Every year when Apple introduces the latest versions of its software platforms at WWDC, information streams out in two major phases: we get the biggest, most important announcements during the opening keynote, then afterward, once the new beta builds are in the hands of developers, we find out all the additional details not meriting on-stage attention. In that vein, here's a roundup of all the smaller details we've discovered so far in iOS 12 and watchOS 5 that weren't covered in our initial overviews.
On this week's episode of AppStories, we look at what Apple could do to use iOS and its large developer community to revitalize the Mac app ecosystem.
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Near the end of yesterday's WWDC keynote, Craig Federighi shared that Apple was at work on tools that would enable developers to more efficiently bring their iOS apps to the Mac. The ship date for those tools isn't until 2019, but this was still a major announcement, with plenty of questions left unanswered. Today Lauren Goode of Wired has published a new interview with Federighi in which a few additional details are shared on exactly how porting apps from iOS to Mac will work.
This evening, capping off the first day of Apple's WWDC conference, the company recognized the best of the App Store at its 2018 Apple Design Awards ceremony.
The Apple Design Awards are a WWDC tradition dating back all the way before the turn of the century. The ceremony is an opportunity for Apple to applaud developers whose apps demonstrate a high level of quality and innovation. 2017's winners included the excellent Things 3 and Bear.
Last year the company broke from its norm for the ADAs by making them a private ceremony, exclusive to the award winners themselves, rather than a public event for all conference attendees. This year things were back to normal, as all developers in attendance could attend.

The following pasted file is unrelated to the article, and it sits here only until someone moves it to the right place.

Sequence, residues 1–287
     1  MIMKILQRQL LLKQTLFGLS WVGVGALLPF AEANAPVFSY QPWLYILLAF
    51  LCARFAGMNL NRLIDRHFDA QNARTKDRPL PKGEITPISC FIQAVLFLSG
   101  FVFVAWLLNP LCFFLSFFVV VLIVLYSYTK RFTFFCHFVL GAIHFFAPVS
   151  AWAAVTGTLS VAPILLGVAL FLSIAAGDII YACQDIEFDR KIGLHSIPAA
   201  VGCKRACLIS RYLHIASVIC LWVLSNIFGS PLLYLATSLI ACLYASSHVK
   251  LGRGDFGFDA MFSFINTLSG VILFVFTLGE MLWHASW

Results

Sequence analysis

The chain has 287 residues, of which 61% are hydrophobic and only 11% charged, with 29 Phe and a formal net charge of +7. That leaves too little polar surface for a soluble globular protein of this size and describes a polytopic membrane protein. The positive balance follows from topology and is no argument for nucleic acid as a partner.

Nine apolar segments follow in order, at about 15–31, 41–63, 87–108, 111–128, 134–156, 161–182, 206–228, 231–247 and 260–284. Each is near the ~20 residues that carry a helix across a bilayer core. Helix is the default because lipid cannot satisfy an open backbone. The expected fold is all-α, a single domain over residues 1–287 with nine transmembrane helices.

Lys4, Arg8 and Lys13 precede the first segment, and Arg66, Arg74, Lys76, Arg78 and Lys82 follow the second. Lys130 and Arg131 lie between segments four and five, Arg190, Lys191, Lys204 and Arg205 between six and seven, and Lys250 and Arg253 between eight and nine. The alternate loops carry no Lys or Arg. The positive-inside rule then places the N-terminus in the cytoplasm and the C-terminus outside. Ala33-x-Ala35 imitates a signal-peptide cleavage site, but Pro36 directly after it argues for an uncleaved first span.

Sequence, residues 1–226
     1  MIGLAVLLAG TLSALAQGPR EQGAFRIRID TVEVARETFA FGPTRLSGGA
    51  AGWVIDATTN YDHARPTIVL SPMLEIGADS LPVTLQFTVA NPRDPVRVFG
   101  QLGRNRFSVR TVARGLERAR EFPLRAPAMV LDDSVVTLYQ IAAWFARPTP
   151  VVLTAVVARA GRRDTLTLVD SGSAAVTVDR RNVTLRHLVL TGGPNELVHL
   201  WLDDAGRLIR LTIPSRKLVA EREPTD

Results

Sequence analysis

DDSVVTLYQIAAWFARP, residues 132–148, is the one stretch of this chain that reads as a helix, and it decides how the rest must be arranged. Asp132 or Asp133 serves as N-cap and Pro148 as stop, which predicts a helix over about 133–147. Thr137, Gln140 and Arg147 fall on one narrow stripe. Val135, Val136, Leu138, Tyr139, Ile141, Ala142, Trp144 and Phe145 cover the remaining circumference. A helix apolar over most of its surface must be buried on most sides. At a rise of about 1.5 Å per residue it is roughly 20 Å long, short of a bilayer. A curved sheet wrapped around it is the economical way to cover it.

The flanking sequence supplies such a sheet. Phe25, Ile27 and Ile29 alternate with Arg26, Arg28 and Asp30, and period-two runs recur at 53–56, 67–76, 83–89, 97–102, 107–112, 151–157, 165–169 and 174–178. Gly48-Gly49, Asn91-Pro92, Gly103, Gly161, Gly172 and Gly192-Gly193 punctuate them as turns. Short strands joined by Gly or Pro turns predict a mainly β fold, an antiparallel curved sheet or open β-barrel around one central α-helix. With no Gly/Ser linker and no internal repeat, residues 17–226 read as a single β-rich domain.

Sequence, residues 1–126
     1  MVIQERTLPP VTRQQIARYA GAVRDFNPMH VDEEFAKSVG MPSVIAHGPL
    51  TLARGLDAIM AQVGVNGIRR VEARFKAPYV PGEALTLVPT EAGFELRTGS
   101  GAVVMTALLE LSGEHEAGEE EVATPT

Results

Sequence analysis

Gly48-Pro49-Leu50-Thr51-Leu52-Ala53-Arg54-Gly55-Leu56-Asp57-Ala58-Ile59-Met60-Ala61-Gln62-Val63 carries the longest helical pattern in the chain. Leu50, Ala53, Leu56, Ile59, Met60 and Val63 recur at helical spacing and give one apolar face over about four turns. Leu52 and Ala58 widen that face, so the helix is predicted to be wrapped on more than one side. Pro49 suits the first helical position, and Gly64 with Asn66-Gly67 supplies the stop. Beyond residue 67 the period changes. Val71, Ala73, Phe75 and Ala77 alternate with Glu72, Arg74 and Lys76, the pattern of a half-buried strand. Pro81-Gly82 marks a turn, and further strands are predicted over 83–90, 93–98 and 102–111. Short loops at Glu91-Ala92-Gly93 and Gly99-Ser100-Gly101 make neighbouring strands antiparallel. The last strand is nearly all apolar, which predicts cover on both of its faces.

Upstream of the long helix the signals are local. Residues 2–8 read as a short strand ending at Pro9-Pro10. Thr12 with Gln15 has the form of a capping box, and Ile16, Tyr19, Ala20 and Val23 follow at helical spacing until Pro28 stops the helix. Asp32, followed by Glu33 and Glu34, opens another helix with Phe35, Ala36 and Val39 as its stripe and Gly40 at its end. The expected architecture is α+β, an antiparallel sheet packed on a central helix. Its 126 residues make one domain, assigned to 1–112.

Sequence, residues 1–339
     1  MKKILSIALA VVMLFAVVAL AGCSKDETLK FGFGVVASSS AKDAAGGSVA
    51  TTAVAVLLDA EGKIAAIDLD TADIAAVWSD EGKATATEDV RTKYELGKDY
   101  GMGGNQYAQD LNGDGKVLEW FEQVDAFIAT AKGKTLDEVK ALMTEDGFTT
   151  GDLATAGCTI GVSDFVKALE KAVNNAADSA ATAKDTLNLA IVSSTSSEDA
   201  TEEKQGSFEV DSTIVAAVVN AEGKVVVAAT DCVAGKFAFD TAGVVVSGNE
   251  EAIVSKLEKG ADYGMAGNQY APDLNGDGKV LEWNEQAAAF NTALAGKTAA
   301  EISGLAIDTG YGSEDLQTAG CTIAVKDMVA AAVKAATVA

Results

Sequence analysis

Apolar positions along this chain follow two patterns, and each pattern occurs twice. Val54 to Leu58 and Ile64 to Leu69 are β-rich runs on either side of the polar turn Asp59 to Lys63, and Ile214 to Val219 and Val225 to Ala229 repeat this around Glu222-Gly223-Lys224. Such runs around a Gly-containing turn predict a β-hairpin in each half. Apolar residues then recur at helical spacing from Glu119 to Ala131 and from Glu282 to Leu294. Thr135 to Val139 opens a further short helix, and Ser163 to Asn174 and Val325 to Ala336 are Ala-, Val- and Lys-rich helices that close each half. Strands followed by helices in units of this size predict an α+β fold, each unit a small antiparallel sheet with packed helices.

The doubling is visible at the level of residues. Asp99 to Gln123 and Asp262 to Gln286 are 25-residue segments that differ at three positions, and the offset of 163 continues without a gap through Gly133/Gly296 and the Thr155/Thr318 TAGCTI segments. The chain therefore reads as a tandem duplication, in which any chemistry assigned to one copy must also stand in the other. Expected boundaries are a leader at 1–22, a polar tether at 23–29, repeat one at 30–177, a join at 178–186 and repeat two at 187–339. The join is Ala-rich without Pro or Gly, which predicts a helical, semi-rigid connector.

Apple selected the following apps across iOS, macOS, watchOS, and tvOS as 2018 Apple Design Award winners:
Every time Apple holds a keynote event, the company shares a variety of numbers related to things like user counts for certain products, software performance improvements, and customer satisfaction. With the company announcing the future of key platforms like iOS, macOS, watchOS, and tvOS today, there was unsurprisingly a lot of data mentioned at today's WWDC event.
We've collected some of the most important numbers shared on-stage during the keynote and outlined them below.
This morning at the WWDC keynote presentation in San Jose, Apple's Vice President of Technology Kevin Lynch took the stage to announce the latest version of the company's smartwatch operating system. watchOS 5 will ship this fall and include improvements to the Apple Watch fitness features, new methods of communication, Siri and notification enhancements, the introduction of web content, and more.
Over the coming months we'll be diving deep into these new features and testing them thoroughly, but for now read on for an in-depth overview and some initial thoughts on everything new in watchOS 5.